May 22, 2018
Rev. Sarah TevisTownes
Bible Study Session # 19
This week begins our new series, “Be the Church,” which includes directives like “Care for the poor,” “Reject racism,” and “Forgive often.” The first in our series will be “Love God,” and the text will come from Acts 14:8-20. The text tells the story of a comical misunderstanding, in which Paul and Barnabas are confused for gods. Paul and Barnabas do exactly what they’re told to do at Pentecost – they go out and live out the message of God’s love with Spirit and generosity! Unfortunately, when they heal a man in Lystra, instead of getting across how powerful God is, Paul and Barnabas get confused for gods themselves! Locals start a parade and prepare sacrifices to lay at Paul and Barnabas’ feet, all to the horror of Paul and Barnabas, who are in Lystra, in part, to preach against sacrificing food to idols. Paul and Barnabas end the festivities, but just barely. Later, the ruckus leads control-minded leaders to turn the crowds on Paul and Barnabas, who then stone their former heroes and throw them out of the city.
How did things go so wrong so quickly? Twice!? Do we suffer from the same misunderstandings in our modern era? Do we put the credit (or blame) on individuals for extraordinary (or awful) results? Do mob mentalities, social media, or peer pressure really turn opinions that quickly? How can we be more discerning about what “bandwagons” we jump onto? How can we do good work and point people to God, instead of to ourselves (or even to the church itself)?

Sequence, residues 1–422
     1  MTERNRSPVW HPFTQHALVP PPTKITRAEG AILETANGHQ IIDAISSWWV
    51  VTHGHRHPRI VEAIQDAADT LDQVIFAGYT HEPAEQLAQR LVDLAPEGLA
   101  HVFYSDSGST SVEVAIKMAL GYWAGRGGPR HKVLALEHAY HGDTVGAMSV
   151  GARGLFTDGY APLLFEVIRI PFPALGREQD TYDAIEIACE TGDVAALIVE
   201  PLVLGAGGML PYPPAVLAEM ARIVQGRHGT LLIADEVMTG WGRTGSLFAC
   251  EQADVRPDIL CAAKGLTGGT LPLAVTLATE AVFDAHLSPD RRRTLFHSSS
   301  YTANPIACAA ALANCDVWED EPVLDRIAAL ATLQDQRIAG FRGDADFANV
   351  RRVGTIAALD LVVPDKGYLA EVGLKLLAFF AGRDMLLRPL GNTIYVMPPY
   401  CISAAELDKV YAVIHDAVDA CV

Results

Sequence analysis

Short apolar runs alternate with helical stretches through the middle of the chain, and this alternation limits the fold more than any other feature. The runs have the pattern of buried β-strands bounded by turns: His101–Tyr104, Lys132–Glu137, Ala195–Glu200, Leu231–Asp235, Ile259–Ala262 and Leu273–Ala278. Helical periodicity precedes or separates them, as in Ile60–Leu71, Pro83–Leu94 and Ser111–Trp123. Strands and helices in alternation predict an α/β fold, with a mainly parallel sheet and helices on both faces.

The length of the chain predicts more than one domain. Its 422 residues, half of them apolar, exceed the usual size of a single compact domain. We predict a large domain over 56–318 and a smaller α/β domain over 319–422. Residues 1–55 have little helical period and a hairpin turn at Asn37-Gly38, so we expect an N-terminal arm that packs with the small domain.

Bible Study Scripture
Acts 14: 8-20
New Revised Standard Version
8 In Lystra there was a man sitting who could not use his feet and had never walked, for he had been crippled from birth. 9 He listened to Paul as he was speaking. And Paul, looking at him intently and seeing that he had faith to be healed, 10 said in a loud voice, “Stand upright on your feet.” And the man sprang up and began to walk. 11 When the crowds saw what Paul had done, they shouted in the Lycaonian language, “The gods have come down to us in human form!” 12 Barnabas they called Zeus, and Paul they called Hermes, because he was the chief speaker. 13 The priest of Zeus, whose temple was just outside the city, brought oxen and garlands to the gates; he and the crowds wanted to offer sacrifice. 14 When the apostles Barnabas and Paul heard of it, they tore their clothes and rushed out into the crowd, shouting, 15 “Friends, why are you doing this? We are mortals just like you, and we bring you good news, that you should turn from these worthless things to the living God, who made the heaven and the earth and the sea and all that is in them. 16 In past generations, God allowed all the nations to follow their own ways; 17 yet God has not left without a witness in doing good—giving you rains from heaven and fruitful seasons, and filling you with food and your hearts with joy.” 18 Even with these words, they scarcely restrained the crowds from offering sacrifice to them.
19 But Jews came there from Antioch and Iconium and won over the crowds. Then they stoned Paul and dragged him out of the city, supposing that he was dead. 20 But when the disciples surrounded him, he got up and went into the city. The next day he went on with Barnabas to Derbe.